You gotta love the predictable headlines this morning accompanying AT&T's solid Q1/11 earnings release. CNBC has "AT&T Earnings Solid Despite Loss of iPhone Rights" and AllthingsD has "Sharing the iPhone With Verizon Doesn't Kill AT&T". As if the company's $124B annual revenues and gobs of cash flow were going to evaporate overnight? It's only been less than two months... Even if it were going to happen, it would be hard to see it so soon in the macro. It's just our attention span that seems to expect a momentum-free response.
Anyway, AT&T's results met expectations without any immediate red flags. Revenues of $31.25B and earnings per share of $0.57 were right on the nose compared with projections. Net wireless subscribers grew by 2.0M, giving them 97.5M, and wireless churn was basically stable at 1.36%. Consumer wireline revenue continued their growth, as did 'Strategic Business Services' - both of which were more than offset by declining voice and legacy data revenues. Typical steady results - and a good thing too, as the market doesn't take kindly to surprises from its biggest companies.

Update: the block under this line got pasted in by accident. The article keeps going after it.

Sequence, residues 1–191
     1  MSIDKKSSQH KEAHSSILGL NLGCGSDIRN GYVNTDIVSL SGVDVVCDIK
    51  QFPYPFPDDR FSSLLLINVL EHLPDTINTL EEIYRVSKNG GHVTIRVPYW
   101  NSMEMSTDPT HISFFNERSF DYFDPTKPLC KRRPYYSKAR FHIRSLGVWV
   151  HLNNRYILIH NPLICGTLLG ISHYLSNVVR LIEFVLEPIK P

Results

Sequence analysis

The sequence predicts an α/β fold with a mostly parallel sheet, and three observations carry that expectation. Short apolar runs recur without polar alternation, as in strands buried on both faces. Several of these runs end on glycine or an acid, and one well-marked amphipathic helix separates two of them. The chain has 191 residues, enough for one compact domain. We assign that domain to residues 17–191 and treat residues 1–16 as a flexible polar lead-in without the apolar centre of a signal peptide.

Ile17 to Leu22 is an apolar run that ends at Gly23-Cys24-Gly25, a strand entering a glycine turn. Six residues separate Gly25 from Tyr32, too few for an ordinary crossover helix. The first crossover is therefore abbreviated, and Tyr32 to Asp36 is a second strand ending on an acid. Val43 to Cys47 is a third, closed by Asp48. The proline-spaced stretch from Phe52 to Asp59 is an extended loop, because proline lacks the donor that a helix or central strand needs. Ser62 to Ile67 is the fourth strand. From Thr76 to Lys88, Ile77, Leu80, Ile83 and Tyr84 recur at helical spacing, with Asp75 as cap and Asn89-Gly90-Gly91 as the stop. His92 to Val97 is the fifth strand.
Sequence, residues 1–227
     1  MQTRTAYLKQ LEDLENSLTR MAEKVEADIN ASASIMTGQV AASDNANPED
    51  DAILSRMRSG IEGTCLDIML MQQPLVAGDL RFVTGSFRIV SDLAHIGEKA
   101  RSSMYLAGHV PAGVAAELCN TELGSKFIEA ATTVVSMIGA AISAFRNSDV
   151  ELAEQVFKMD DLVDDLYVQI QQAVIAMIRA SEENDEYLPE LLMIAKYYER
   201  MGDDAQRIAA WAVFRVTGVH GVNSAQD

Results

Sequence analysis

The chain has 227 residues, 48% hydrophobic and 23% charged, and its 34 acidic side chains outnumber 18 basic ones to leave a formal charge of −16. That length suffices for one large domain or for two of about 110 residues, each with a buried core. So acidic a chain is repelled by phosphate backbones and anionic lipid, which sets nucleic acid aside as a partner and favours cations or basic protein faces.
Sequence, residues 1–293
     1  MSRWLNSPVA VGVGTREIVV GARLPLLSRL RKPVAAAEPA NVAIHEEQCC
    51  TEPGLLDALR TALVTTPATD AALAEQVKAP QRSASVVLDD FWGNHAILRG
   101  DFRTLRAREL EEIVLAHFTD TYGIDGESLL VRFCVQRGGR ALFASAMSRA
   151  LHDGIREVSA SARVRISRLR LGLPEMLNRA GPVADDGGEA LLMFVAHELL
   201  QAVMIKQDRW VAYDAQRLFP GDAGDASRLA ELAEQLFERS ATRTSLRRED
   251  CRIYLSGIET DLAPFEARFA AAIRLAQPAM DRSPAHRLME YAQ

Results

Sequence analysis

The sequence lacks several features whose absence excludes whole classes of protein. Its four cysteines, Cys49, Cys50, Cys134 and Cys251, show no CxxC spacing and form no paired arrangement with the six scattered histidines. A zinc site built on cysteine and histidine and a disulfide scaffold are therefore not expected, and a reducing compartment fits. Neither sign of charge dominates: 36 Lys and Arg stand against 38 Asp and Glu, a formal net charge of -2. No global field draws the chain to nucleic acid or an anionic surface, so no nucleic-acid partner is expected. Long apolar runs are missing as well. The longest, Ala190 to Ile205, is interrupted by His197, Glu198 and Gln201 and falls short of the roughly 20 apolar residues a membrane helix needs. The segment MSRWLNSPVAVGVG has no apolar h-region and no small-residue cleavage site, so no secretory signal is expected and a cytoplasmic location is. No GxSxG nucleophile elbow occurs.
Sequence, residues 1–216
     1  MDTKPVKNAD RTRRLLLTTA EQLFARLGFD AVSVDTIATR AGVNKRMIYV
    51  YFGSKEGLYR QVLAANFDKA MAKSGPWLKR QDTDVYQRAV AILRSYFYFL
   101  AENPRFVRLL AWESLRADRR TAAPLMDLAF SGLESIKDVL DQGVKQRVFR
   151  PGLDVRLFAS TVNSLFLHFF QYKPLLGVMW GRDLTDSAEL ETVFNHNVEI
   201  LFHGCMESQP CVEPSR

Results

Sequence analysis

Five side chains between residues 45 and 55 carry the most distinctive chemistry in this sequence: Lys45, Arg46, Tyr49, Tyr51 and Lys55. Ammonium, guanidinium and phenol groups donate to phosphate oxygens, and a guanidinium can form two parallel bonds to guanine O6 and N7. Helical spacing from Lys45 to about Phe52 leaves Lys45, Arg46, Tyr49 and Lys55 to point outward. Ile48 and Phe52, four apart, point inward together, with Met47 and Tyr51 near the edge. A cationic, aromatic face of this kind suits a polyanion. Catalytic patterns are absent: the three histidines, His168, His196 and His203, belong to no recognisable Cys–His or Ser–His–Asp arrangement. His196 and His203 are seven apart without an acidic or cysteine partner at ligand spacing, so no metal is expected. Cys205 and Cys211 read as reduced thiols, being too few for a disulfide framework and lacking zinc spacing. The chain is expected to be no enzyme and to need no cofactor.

That said, none of this matters much compared to the implications and likelihood of success of the proposed buyout of T-Mobile. It will take several quarters before we actually get an answer on that front, but just the threat of it happening is already showing some effects. Sprint is obviously a bit perturbed, circling its wagons while firing the occasional potshot in the direction of the FCC. I would also suggest that Level 3's proposed purchase of Global Crossing may have found itself on a faster track after the T/TMobile deal was announced, as they surely sell a fair amount of backhaul to TMobileUSA and would probably see churn similar to what they saw from the Verizon/AllTel deal that would cut into their organic efforts to achieve scale next year no matter how well they operate. Not that the LVLT/GLBC deal needed much of a push once the financing was available, but still.
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